Based upon our review of the record, there was sufficient evidence regarding the cost of the items and their condition for the jury to reasonably infer that the value exceeded the relevant statutory thresholds. Over 100 pieces of jewelry that belonged to one of the victims were recovered and submitted to the jury with values placed on each piece. The victim testified that she is a frequent purchaser of jewelry and assigned value to each piece based on her purchase of them or information obtained from her mother, catalogs or Internet research as to the cost of the items. Defendant did not object to the victim's hearsay testimony and made only a general objection to the valuation of the items submitted to the jury (see CPL 470.05[2]; People v. Bertone, 16 AD3d 710, 712 [2005], lv denied 5 NY3d 759 [2005]; People v. Cody, 260 A.D.2d 718, 721 [1999], lv denied 93 N.Y.2d 1002 [1999]; People v. McGuinness, 245 A.D.2d 701, 702 [1997] ). Further, any deficiency in the victim's testimony regarding the condition of the items was alleviated by the fact that all of the pieces of jewelry were admitted into evidence and available for the jury to inspect and review (see People v. McPherson, 286 A.D.2d 616, 616 [2001], lv denied 97 N.Y.2d 685 [2001]; People v. Mayerhofer, 283 A.D.2d 672, 675 [2001] ). Contrary to defendant's contention, expert testimony was not required, inasmuch as “opinion testimony by a lay witness is competent to establish the value of the property if the witness is acquainted with the value of similar property” (People v. Sheehy, 274 A.D.2d at 845; see People v. Adams, 8 AD3d at 894; see also People v. Bravo, 295 A.D.2d 213, 214 [2002], lv denied 99 N.Y.2d 556 [2002] ).

Another victim testified that the items stolen from his residence included, among other things, a wedding ring that cost approximately $400 and a diamond ring that cost $1,400, both of which were in good condition. Although defendant faults this victim's testimony as containing rough estimations, his testimony as to the value of the diamond ring and its condition was unequivocal and it alone exceeds the statutory threshold. Even accepting the lowest estimates provided for the remaining items, the combined value of the jewelry and currency stolen from this victim's residence is well in excess of the statutory threshold. Viewing the evidence in the light most favorable to the People, we conclude that a rational jury could infer rather than merely speculate that the value of the stolen property exceeded the statutory threshold (see People v. Bleakley, 69 N.Y.2d 490, 495 [1987] ). Further, viewing the evidence in a neutral light, and giving appropriate deference to the jury's credibility determinations, we decline to disturb the verdicts as against the weight of the evidence (see People v. Bruno, 63 AD3d 1297, 1300 [2009], lv denied 13 NY3d 858 [2009]; People v. Adams, 8 AD3d at 894).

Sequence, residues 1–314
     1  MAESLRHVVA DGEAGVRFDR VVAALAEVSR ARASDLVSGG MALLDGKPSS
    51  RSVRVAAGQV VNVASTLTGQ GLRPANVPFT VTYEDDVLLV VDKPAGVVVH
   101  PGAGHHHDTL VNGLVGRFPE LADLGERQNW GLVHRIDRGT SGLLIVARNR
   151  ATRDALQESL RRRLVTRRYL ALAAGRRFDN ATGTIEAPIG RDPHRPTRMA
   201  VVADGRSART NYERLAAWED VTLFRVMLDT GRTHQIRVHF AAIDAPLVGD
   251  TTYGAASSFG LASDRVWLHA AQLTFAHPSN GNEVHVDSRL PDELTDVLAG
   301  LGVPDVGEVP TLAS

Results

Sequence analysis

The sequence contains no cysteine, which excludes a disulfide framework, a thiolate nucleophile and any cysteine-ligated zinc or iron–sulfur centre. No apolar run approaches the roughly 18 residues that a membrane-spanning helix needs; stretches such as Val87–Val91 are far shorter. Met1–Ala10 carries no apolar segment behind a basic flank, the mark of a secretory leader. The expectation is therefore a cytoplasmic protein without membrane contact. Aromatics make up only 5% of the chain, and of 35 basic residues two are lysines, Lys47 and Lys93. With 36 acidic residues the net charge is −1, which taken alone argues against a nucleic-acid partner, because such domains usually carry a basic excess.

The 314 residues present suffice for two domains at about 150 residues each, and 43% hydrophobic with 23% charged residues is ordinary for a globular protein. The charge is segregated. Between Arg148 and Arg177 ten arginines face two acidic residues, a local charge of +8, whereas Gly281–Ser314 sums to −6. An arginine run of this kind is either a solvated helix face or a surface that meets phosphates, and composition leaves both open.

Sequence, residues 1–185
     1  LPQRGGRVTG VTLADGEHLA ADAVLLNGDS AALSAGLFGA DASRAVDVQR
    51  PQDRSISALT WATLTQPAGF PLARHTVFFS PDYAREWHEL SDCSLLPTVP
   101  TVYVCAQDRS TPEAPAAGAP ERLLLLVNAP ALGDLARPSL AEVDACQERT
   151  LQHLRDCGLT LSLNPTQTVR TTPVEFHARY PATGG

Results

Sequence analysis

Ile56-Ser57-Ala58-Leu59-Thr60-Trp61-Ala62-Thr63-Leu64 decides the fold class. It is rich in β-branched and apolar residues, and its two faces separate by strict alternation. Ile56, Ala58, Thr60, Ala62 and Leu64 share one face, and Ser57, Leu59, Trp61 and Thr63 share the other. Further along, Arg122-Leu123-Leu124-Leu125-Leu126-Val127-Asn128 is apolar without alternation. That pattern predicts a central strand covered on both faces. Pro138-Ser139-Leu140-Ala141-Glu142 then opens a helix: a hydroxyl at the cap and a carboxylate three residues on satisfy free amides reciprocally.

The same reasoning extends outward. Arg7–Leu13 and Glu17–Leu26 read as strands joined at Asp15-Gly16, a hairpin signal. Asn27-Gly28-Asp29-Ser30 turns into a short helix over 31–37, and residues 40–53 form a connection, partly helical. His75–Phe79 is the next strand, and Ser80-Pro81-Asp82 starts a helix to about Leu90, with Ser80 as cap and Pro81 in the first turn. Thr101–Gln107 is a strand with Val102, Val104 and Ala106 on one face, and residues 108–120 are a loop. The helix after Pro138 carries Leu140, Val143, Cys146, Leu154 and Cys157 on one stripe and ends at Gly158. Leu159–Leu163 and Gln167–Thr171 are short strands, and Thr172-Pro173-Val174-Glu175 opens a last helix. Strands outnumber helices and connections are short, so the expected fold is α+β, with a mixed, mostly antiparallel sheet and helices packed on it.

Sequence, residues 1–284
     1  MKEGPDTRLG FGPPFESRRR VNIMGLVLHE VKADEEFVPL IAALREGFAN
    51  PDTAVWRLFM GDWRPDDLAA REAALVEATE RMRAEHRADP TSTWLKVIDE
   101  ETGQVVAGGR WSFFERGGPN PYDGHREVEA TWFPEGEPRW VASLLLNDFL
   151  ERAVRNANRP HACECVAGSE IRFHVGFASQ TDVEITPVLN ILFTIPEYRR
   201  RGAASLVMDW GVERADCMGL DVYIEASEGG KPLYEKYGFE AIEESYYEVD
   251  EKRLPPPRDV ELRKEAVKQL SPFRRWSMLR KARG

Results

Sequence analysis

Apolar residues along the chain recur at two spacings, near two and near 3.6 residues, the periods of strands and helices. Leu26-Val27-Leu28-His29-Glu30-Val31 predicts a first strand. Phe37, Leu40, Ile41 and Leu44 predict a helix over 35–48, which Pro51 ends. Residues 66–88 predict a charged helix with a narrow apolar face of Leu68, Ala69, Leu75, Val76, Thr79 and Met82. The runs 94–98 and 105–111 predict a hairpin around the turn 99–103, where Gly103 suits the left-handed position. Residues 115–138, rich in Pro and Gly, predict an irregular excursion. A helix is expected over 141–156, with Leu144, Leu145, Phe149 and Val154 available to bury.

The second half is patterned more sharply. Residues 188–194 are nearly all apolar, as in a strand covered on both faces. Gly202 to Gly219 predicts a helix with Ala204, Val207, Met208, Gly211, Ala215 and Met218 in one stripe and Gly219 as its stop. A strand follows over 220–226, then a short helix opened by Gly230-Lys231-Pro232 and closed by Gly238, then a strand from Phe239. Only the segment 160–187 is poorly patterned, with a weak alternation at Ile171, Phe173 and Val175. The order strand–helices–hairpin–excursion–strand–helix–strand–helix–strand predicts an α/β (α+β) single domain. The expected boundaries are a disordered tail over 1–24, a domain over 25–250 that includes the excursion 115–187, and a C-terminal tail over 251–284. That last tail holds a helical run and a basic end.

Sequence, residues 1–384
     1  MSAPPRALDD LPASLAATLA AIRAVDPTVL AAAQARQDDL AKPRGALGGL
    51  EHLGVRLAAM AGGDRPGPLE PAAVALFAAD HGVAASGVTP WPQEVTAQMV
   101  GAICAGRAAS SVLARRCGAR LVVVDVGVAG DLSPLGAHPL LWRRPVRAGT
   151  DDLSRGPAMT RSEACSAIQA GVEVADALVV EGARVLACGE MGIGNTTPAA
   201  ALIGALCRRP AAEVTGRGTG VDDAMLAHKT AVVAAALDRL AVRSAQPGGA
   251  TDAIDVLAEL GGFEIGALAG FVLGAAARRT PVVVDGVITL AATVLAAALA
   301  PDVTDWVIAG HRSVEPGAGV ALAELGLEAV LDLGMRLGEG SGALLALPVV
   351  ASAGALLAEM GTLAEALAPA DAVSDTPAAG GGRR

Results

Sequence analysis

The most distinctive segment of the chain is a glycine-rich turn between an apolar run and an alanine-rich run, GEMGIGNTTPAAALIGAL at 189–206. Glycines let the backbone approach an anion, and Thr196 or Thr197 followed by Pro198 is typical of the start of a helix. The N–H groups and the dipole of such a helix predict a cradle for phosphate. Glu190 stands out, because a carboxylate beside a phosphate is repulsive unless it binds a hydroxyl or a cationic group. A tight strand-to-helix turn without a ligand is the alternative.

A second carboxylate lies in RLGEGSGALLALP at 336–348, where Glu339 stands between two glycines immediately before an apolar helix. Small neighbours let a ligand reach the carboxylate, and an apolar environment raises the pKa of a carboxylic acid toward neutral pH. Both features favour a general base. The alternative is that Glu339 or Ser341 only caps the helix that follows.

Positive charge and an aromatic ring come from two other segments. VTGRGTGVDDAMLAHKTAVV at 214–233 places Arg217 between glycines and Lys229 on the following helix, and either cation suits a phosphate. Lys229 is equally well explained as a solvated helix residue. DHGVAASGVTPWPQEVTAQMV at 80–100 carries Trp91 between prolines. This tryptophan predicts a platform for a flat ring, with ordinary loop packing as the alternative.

We also decline to modify the sentence. We are not persuaded that County Court imposed the sentence as a punishment for defendant's exercise of her right to trial, and we note that the court relied on appropriate sentencing factors and exercised a degree of leniency by running the sentences concurrently and ordering shock incarceration (see People v. Matthews, 101 AD3d 1363, 1366 [2012], lvs denied 20 NY3d 1101, 1104 [2013]; People v. Vargas, 72 AD3d 1114, 1120–1121 [2010], lv denied 15 NY3d 758 [2010]; People v.. Merck, 63 AD3d 1374, 1376 [2009], lv denied 13 NY3d 861 [2009] ). Moreover, the Department of Corrections and Community Supervision's publicly maintained inmate database indicates that defendant has already been released from custody. Nevertheless, the sentence of 11/313 to 6 years for the conviction for grand larceny in the fourth degree is illegal (see Penal Law § 70.00[2][e]; [3][b] ), and we will reduce it to 11/313 to 4 years (see People v. LaSalle, 95 N.Y.2d 827, 829 [2000] ).

ORDERED that the judgment is modified, by reducing defendant's sentence for grand larceny in the fourth degree under count 6 of the indictment to 11/313 to 4 years and, as so modified, affirmed.

ROSE, J.

LAHTINEN, J.P., McCARTHY, LYNCH and DEVINE, JJ., concur.